QHow does the Biotechnology Council live up to its first principle, "Respecting people around the world and their right to choose healthy food products that are best for themselves and their families", by opposing GMO labeling of foods? Seems to me we coul

How does the Biotechnology Council live up to its first principle, "Respecting people around the world and their right to choose healthy food products that are best for themselves and their families", by opposing GMO labeling of foods? Seems to me we could better choose the foods we prefer and consider healthy if they were labeled as to GMO. Since more foods lately are GMO than not, they need to be labeled. Please explain.

AExpert Answer

Thank you for this question. I am very glad you asked it.  We absolutely do support the right of consumers to choose food that is healthy and nutritious.  And although we do not sell food products directly to consumers, we support food companies’ decisions to voluntarily label food products for the presence or absence of GMOs, so consumers who wish to can choose food that is not made with GM ingredients. Some companies have opted to use such voluntarily labels such as “USDA Organic."

 

We do support mandatory labeling of food, including GM food, if such food presents a safety risk to a certain population—for example, those allergic to a food ingredient.  We believe the harm in mandating labeling for GM food, just because it is a GM food, is that such a label would convey to consumers that foods made from the farmers’ crops grown with our seeds are less safe than, less nutritious than or somehow different from conventional or organic food.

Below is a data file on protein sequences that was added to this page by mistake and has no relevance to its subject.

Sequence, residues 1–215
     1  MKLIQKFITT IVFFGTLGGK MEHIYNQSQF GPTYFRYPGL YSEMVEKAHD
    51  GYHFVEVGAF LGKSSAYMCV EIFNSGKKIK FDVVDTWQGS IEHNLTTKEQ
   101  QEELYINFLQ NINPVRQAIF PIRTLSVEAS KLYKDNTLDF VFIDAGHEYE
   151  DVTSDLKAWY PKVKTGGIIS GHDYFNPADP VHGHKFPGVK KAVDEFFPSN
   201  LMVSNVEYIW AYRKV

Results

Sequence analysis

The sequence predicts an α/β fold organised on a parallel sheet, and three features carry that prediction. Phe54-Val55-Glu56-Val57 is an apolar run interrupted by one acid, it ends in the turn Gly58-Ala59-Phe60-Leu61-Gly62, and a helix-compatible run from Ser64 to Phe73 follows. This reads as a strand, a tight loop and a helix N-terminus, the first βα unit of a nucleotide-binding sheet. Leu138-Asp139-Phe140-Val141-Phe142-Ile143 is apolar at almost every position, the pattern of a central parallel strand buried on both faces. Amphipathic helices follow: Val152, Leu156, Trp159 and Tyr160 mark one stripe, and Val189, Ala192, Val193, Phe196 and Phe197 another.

But there has never been any evidence linking a food-safety or health risk to the consumption of GM foods.  There are hundreds of independent studies that demonstrate this (check out independent studies at Biofortified), in addition to the determinations from scientific and regulatory authorities around the world that GM foods on the market are as safe and nutritious as their non-GM counterparts [see FDA information here]. A few studies have asserted that such a risk exists, but each of these studies has been found not to be credible, essentially “debunked” by the global scientific community.  

 

Examples can be found here:

 

Posted on August 15, 2017
No! However, poor nutrition coupled with highly processed foods and a lack of education regarding healthy eating is bad for our kids. As a mother and farmer, I believe the best way to keep my family safe and healthy is to make sure they eat a balanced diet and make good food choices daily. Fresh, healthy ingredients and minimally processed foods that are low in sugar, salt, calories and cholesterol provide kids with the best opportunity for a healthy diet. Agricultural biotechnology... Read More
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Posted on February 9, 2017
A species is defined by the ability to reproduce viable offspring, so any two plants within a species generally have the potential to cross pollinate. Like any good successful mating, it requires the union of male and female contributions at the right time, same place. So absolutely, GE crops have the potential to cross with non-GE crops of the same species—if they manage to get it on through time and space.    So the rules that apply to dogs and teenagers also apply to... Read More
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Posted on March 2, 2017
Here is a set of slides prepared by the U.S. Department of Agriculture’s Food Safety and Inspection Service (FSIS) that discusses the sketch approval process. As the slides indicate, there are four categories of labels that require prior sketch approval: temporary labels, religious exemption, exports with labeling deviations, and special statements and claims. In the situation raised by your question, it is the last category (special statements and claims) that would... Read More
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